Numerous methods for establishing a biological profile exist; however, many of these methods rely on the recovery of several specific bones or on fragile skeletal elements that are sometimes irrecoverable. It is for this reason new methods utilizing other previously under-documented bones should be established and tested by the forensic anthropological community. This study tests the accuracy of Wescott's (J Forensic Sci 2000;45(2)) method for determining sex from the second cervical vertebra. Specimens were drawn from the donated skeletal collection curated at the Hamilton County Forensic Center (n=57) and the William M. Bass Donated Skeletal Collection (n=243). Both intra- and inter-observer error rates were low and accurate classifications ranged from 78% (females-Function 1) to 90.6% (males-Function 5). Of the five functions, Function 4 achieved the highest overall accuracy, with 260 individuals (86.7%) falling into the correct category. Overall, this method is an effective classificatory tool for sex estimation. © 2012 American Academy of Forensic Sciences.


Pilch P.F.,Concord University | Pilch P.F.,Boston University | Liu L.,Concord University | Liu L.,Joslin Diabetes Center
Trends in Endocrinology and Metabolism | Year: 2011

Caveolae are subdomains of the eukaryotic cell surface, so named because they resemble little caves, being small omega-shaped invaginations of the plasma membrane into the cytosol. They are present in many cell types, and are especially abundant in adipocytes, in which they have been implicated as playing a role in lipid metabolism. Thus, mice and humans lacking caveolae have small adipocytes and exhibit lipodystrophies along with other physiological abnormalities. In this review, we examine the evidence supporting the role of caveolae in adipocyte lipid metabolism in the context of the protein and lipid composition of these structures. © 2011 Elsevier Ltd.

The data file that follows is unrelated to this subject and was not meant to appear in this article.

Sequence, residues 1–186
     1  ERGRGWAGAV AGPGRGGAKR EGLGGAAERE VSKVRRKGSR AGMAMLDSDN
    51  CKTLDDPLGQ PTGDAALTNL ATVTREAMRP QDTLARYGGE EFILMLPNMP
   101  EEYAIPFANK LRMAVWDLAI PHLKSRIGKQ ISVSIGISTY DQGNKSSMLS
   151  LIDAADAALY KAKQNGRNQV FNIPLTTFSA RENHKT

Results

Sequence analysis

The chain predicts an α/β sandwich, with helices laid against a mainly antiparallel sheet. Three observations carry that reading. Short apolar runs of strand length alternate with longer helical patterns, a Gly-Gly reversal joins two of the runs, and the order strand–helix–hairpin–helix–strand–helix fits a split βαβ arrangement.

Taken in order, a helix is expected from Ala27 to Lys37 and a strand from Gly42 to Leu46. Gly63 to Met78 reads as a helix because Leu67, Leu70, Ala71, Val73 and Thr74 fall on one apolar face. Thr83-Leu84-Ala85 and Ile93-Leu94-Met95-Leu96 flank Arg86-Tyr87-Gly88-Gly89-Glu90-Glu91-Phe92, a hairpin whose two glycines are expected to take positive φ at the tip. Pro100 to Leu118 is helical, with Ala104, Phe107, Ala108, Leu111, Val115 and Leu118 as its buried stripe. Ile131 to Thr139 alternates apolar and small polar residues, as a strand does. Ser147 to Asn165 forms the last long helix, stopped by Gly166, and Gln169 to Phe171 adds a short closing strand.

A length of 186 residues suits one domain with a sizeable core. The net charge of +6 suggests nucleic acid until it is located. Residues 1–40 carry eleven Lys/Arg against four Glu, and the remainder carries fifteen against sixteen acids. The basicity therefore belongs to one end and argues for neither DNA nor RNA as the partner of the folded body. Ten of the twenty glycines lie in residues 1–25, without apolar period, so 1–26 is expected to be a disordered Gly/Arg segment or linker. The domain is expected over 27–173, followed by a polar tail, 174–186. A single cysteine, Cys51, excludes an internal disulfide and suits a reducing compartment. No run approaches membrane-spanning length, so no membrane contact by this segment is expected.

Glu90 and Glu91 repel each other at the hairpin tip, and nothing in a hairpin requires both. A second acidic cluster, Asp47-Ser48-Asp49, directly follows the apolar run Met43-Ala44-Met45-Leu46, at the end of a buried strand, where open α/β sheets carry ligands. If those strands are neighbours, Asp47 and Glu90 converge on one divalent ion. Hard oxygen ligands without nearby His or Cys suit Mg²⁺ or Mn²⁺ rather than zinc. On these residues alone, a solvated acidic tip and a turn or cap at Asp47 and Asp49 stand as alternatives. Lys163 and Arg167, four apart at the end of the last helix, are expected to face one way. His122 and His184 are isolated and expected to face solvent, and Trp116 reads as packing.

Lewton K.L.,Concord University
American Journal of Physical Anthropology | Year: 2015

Identification of positional behavior adaptation in the pelvis of primates is complicated by possible confounding effects of body size and phylogeny. Previous work on primate pelvic allometry has focused primarily on sexual dimorphism and its relationship to obstetric constraints in species with large fetal size relative to maternal size. This study investigates patterns of pelvic scaling with a specific aim to understand how pelvic scaling relates to locomotor function. Patterns of scaling of nine pelvic dimensions were examined in a broad comparative sample of 40 species of primates, covering both haplorhines and strepsirrhines, while accounting for phylogenetic nonindependence. Phylogenetic reduced major axis regressions on pelvic scaling patterns suggest that primate-wide patterns are reflected in haplorhine- and strepsirrhine-specific analyses. Many measures scale isometrically with pelvis size, but notably, features of the ilium tend to scale allometrically. As predicted, ilium width and lower ilium cross-sectional area scale with positive allometry, while lower iliac height scales with negative allometry. Further regression analyses by locomotor group suggest that these ilium measures, as well as pubic symphysis and ischium lengths, differ in their scaling patterns according to locomotor mode. These results suggest that scaling differences within primates, when present, are related to functional differences in locomotor behavior and mechanics. This study supports recent work that identifies adaptations to locomotor loading in the ilium and highlights the need for a better understanding of the relationship between pelvic structural mechanics and the mechanical requirements of primate locomotion. Am J Phys Anthropol 156:511-530, 2015. © 2015 Wiley Periodicals, Inc. © 2015 Wiley Periodicals, Inc.


Kuehn S.C.,Concord University | Froese D.G.,University of Alberta | Shane P.A.R.,University of Auckland
Quaternary International | Year: 2011